The dark smoke billowing from the political flames at recent funerals and other functions could be a tell-tale sign of a ticking time bomb that could plunge the country into bloodshed as Malawi inches closer to the next tripartite elections.
The violence of the past two weeks at funerals of veteran politician Robson Watayachanga Chirwa, Senior Chief Lukwa’s mother and a 2014 presidential candidate Abusa Hellen Singh (May their souls rest in peace) stinks. And in all honesty, this should be shaking us all from our roots.
If not nipped in the bud, this violence arising from lack of political tolerance among politicians—especially between the ruling Democratic Party (DPP) and the Malawi Congress Party (MCP) who have of late made more headlines for wrong reasons as sworn rivals—could have far-reaching consequences for the country.
These ugly scenes scare away potential foreign investors. Need I underscore for the umpteenth time what you already know that foreign investment helps a country’s economy fill investment gaps in manufacturing and infrastructure that may not be met domestically and which can be very positive for gross domestic product (GDP)? Violence in all its forms is a dangerous paring with the high levels of corruption in the country.
At worst, it has the potential to degenerate into a Rwanda-like genocide scenario that would easily erase the decades-long positives the country has made since independence.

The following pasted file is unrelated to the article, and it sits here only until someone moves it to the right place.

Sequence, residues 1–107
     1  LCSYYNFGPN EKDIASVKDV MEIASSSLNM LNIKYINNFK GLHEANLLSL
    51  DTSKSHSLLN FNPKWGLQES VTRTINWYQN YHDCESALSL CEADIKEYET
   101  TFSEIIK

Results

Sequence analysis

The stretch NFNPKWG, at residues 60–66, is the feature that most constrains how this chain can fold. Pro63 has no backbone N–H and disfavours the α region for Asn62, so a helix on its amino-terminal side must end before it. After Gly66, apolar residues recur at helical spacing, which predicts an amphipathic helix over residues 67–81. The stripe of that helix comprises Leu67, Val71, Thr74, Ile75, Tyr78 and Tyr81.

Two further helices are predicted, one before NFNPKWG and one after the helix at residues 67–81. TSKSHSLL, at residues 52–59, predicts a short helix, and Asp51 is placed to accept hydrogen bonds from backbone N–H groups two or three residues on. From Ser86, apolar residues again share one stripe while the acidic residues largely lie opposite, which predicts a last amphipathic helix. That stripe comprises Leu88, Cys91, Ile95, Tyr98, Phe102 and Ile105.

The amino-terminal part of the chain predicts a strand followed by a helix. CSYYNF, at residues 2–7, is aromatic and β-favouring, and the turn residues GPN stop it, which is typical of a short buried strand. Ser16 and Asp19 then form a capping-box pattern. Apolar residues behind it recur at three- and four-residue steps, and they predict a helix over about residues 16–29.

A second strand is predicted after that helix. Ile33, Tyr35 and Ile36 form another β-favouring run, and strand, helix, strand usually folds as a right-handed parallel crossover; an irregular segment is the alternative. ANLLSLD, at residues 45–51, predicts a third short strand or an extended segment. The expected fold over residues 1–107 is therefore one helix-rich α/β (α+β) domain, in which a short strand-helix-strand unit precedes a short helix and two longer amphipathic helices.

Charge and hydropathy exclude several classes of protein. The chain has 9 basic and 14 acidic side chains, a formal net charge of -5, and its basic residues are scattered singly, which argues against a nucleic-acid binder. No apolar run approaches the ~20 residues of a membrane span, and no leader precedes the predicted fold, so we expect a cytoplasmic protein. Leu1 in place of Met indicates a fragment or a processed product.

While the onus is on both the duty-bearers and rights holders to ensure Malawi maintains its enviable reputation on the global scene as a peace-loving nation, it is incumbent upon the Executive, as the arm of government wielding the most powers—to take swift action and put a stop to this anarchy and mayhem.
The credibility of any election does not only lie in what happens on the voting day but spans the whole national electoral calendar period leading up to the polling day.
So far, I can say without fear of contradiction that sadly the Executive has demonstrated no pretence to create not even a minimum level-playing field for all tax-payers to access the State-funded Malawi Broadcasting Corporation (MBC) to reach out to the people with a diversity of political views.
The Executive should take the lead in banishing this ugly beast to the woods where it rightly belongs, not only because it (the Executive) controls the purse strings, but also and more importantly, because all the law-enforcing agents operate under its arm pits.
It is not far-fetched to conclude that the Executive’s decision to postpone the by-elections in Lilongwe and Dedza on the pretext of lack of funds is just the good reason. The real reason is that these are traditionally considered opposition MCP strongholds. The new Malawi Electoral Commission (MEC) should take notice that it needs to exert its foot and do the needful. It should at all times resist the seemingly sinister agenda of the Executive at each and every corner of the political game to outdo other players as this disenfranchises the electorates.
How the Malawi Police Service conducts itself in stopping the violence by showing level-headedness—albeit a far cry—is also key in determining the credibility of the 2019 elections. The police have the potential to douse the flames of violence or fuel it depending on how they conduct themselves. They should be aware that the Executive has a penchant of using it for political witch-hunting. And the police should not allow itself to be used for this.
We trust that as a reformed MPS they will quickly reclaim their core mandate of enforcing the law and once again start protecting all Malawians without considering political affiliation.